During a visit to an orphanage in Kenya in 2008, Celeste Mergens, a humanitarian aid worker from Washington state, learned that girls were sitting on cardboard for several days each month, often going without food unless someone would bring it to them.
That is when Mergens said she first learned that many women and girls in the developing world did not have access to feminine hygiene products.
“I knew that we had to do something about it so that they didn’t miss class and be isolated in their rooms,” said Mergens.
That year, Mergens founded Days for Girls, an organization that recruits volunteers to sew absorbent, washable and reusable sanitary pads packaged in colorful drawstring kits.
Mergens said she first considered producing disposable products, but quickly realized women and girls needed something sustainable “they could count on month after month.”
Today, around 60,000 volunteers in countries across six continents make up a global network that distributes the kits, along with menstrual health education, to women and girls in 127 countries. The kits are “open-source” so that others can easily make the reusable pads anywhere in the world.
The impact of ‘getting back their days’
Mergens said she chose the name Days for Girls because “it gives them their days back — days of education, opportunity, health and dignity.”
“Until the girls told me themselves that they were being sexually exploited in exchange for a single disposable pad, I didn’t recognize how huge the impact [is] of not having what you need for this basic biological function,” Mergens said.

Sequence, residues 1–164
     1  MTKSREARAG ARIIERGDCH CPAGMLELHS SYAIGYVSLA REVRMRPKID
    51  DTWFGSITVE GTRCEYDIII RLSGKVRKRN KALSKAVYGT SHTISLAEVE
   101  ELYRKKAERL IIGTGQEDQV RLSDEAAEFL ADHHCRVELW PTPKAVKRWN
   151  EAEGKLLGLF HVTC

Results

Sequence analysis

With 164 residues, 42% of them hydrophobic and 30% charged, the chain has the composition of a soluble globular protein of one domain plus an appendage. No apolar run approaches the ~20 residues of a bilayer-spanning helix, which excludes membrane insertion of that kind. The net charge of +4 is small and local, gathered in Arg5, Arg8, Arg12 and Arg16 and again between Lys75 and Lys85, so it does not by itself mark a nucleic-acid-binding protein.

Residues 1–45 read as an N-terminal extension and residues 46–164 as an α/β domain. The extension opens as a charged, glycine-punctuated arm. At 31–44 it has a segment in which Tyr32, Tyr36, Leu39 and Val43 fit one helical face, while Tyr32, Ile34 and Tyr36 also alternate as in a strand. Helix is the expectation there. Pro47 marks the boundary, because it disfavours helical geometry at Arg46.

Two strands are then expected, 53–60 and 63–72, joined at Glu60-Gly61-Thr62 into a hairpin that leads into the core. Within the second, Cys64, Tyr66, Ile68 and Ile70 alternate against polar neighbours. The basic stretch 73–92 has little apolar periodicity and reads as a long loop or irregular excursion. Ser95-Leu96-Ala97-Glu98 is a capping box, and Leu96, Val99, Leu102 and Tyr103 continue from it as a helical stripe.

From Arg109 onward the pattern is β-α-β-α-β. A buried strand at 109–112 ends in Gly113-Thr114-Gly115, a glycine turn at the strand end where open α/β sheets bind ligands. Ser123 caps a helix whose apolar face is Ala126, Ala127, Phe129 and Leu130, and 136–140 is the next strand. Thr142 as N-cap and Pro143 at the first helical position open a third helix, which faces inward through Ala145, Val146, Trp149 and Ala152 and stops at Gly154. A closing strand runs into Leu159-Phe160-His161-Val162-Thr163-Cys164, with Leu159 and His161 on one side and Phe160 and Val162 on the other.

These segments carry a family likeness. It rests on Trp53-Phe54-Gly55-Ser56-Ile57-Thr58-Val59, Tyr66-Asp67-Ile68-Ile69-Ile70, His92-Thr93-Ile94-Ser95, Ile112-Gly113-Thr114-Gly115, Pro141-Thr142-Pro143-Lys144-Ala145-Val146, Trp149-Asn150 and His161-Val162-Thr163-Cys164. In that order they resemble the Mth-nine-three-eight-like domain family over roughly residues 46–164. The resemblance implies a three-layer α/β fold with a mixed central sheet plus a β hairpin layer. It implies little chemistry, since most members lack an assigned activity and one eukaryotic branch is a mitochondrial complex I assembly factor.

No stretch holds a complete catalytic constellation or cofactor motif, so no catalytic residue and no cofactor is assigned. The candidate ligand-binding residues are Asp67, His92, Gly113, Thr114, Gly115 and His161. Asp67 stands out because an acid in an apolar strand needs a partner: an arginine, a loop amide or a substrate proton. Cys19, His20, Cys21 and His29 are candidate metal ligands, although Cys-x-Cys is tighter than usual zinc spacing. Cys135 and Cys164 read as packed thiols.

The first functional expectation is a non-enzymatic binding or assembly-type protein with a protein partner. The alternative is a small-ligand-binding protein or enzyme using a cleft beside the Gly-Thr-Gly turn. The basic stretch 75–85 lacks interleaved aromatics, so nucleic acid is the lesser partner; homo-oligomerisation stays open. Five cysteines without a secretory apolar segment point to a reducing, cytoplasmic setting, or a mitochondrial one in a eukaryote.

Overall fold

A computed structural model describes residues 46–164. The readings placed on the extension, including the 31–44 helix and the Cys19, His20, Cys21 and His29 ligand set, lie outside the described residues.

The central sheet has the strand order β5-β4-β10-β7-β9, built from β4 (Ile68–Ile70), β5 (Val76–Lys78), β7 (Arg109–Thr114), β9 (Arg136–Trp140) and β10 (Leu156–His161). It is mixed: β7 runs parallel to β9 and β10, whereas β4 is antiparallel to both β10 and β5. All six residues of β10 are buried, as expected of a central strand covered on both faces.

One important part of the overall success of a woman is education. Well-educated girls grow up to become successful women in their societies. We at Days For Girls Ghana believe that every girl everywhere deserves to be educated. #daysforgirlsghana #educationmatters #accra pic.twitter.com/GQnXWUAbsU
— Days for Girls Ghana (@DfGGhana) March 13, 2019
Days for Girls is not the only organization involved in this issue.
In Los Angeles, for instance, a group of high school students held bake sales to help rural schools in India obtain machines to make sanitary pads to help keep girls in school. Their project, aided by their English teacher, Melissa Berton, attracted the attention of a young Iranian-American director, Rayka Zehtabchi, who made a short documentary about the pad-making machine.
The film — Period. End of Sentence. — earned Zehtabchi an Academy Award in February, making her the first Iranian-American woman to win an Oscar.
After the filming was completed, the organization The Pad Project was created as a way for women around the world to start their own business distributing the pad-making machines.
“A period should end a sentence, not a girl’s education” is the mantra of the project and the way Zehtabchi ended her Oscar acceptance speech.